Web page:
The Idaho Supreme Court ruled on February 24 that St. Luke's Children at Risk Evaluation Services (CARES) interviews can be admissible because the statements are made for medical diagnosis or treatment purposes. St. Luke's CARES interviews provide evaluation and treatment for abused or neglected children. The evaluation includes a forensic interview, a psychosocial interview and a medical examination.
The decision from the Idaho Supreme Court comes from a criminal case that started on May 30, 2017. Two minors said Dave Lee Christensen had touched them inappropriately, and a CARES interview was done in June 2017.
On August 8, 2017, Christensen was indicted by a grand jury on five counts of lewd conduct with two minors under the age of 16. A jury later found him guilty on four of the five felony charges.
During the trial, prosecutors introduced the victims' CARES interviews as evidence, which the district court found was admissible because it was a statement made for medical diagnosis. Christensen filed an appeal, arguing that the district court abused its discretion by admitting the interviews as evidence, claiming the victims may not have understood their statements made in the interviews were for medical diagnosis or treatment.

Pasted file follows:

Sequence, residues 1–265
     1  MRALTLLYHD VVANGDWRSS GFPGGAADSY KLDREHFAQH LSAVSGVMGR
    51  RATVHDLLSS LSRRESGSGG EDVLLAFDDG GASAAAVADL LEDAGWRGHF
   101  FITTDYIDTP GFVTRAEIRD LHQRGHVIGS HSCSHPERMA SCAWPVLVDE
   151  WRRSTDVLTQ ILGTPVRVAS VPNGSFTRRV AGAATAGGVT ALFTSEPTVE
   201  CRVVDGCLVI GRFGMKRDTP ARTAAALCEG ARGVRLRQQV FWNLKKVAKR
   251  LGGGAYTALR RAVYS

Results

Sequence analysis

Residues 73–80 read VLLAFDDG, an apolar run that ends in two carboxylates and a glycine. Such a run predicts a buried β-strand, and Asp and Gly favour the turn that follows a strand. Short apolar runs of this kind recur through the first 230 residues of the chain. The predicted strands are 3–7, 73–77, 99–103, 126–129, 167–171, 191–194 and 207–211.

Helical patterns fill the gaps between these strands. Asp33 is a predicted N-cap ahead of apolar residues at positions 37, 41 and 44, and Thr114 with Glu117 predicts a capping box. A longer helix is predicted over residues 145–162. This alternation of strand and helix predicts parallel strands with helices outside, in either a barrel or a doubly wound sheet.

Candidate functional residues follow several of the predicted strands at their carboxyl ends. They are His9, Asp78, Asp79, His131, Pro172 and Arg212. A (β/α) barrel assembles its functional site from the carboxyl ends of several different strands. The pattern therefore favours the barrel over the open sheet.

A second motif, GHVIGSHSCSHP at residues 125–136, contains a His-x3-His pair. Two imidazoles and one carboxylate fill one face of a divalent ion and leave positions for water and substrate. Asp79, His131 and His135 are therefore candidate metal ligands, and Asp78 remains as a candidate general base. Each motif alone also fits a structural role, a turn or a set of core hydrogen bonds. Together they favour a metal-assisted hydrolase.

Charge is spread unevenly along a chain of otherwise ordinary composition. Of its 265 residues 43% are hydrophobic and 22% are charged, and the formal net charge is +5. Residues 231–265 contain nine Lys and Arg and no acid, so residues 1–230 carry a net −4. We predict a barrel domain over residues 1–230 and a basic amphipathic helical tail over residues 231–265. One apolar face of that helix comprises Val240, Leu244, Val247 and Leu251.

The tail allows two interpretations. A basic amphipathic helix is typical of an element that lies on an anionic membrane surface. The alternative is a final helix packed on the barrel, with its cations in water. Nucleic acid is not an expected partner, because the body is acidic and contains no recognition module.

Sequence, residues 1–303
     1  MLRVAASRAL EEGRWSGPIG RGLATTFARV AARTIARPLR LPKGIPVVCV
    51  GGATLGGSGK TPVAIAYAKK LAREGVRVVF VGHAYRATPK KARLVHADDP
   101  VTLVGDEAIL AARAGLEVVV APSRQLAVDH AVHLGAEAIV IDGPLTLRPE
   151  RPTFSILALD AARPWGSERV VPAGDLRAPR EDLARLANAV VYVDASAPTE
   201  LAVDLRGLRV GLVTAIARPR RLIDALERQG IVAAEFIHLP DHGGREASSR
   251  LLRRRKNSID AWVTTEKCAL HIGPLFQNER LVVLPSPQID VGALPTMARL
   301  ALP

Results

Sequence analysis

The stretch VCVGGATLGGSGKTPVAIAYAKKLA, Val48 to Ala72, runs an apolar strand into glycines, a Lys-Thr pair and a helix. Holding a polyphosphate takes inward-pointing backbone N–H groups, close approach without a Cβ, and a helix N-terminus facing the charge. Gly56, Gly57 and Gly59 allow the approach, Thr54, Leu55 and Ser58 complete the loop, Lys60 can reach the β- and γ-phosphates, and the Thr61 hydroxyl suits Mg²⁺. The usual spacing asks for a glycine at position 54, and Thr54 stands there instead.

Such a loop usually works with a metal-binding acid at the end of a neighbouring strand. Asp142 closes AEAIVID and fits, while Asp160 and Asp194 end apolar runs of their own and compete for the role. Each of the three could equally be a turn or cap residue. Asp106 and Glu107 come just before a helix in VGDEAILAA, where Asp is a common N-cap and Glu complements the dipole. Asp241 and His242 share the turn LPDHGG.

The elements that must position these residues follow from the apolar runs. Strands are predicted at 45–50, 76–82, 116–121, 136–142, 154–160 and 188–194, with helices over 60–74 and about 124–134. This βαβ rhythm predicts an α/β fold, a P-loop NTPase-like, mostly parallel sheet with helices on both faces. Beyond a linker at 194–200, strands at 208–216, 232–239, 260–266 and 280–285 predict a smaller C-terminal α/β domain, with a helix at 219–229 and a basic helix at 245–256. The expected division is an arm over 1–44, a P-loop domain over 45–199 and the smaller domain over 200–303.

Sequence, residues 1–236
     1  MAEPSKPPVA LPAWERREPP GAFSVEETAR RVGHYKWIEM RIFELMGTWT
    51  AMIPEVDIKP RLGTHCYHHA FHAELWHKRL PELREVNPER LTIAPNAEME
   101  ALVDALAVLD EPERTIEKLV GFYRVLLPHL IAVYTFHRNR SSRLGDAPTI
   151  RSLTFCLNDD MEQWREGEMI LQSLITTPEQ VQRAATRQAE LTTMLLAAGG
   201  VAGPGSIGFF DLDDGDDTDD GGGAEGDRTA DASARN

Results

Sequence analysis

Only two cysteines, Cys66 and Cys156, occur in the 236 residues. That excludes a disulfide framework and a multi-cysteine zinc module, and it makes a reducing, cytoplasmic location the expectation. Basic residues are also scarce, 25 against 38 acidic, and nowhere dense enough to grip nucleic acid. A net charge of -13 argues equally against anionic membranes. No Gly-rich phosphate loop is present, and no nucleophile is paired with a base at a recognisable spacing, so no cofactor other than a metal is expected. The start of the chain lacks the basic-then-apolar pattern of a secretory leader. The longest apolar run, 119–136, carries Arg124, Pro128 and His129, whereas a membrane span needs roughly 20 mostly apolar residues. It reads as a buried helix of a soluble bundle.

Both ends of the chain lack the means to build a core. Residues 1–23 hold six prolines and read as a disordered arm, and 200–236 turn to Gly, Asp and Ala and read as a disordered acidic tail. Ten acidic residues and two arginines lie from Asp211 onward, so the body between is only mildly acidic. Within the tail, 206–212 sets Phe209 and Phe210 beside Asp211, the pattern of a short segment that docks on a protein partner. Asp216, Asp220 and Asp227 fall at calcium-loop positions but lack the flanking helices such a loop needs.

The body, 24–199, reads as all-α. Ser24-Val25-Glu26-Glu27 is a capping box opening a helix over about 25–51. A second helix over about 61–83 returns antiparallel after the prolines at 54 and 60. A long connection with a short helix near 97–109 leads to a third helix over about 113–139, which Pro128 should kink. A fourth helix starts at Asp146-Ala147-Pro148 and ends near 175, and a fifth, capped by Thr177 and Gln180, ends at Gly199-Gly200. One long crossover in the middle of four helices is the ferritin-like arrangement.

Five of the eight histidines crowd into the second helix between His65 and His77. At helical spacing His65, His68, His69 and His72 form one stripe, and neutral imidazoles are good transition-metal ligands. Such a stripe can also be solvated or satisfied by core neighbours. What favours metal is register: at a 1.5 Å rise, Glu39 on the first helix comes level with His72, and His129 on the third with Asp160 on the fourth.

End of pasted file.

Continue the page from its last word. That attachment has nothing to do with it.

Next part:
"The district court found that CARES' focus is mainly on medical procedures intended to discover trauma inflicted on children, to address that trauma, and to treat it," the Supreme Court opinion states.
Furthermore, the opinion found that CARES interviews serve a dual medical and forensic purpose, the statements are admissible in court because "they are gleaned from a process designed to aid and inform treatment and diagnosis of the child's medical condition."
The Idaho Supreme Court upheld the Ada County District Court, stating the court did not abuse its discretion by admitting the interviews under Idaho's Rules of Evidence.
"This ruling helps young victims of physical and sexual abuse in Idaho," said Ada County Prosecutor Jan M. Bennetts.
The prosecutor's office is grateful for the partnerships it has with St. Luke's CARES and law enforcement in successfully protecting young victims. Bennetts thanks the CARES staff and the Meridian Police Department for their thorough investigation in this case.
Children are primarily referred to CARES by child protective services, law enforcement agencies and the court. If you suspect child abuse or neglect, call 211 and state your intention or call your local law enforcement agency.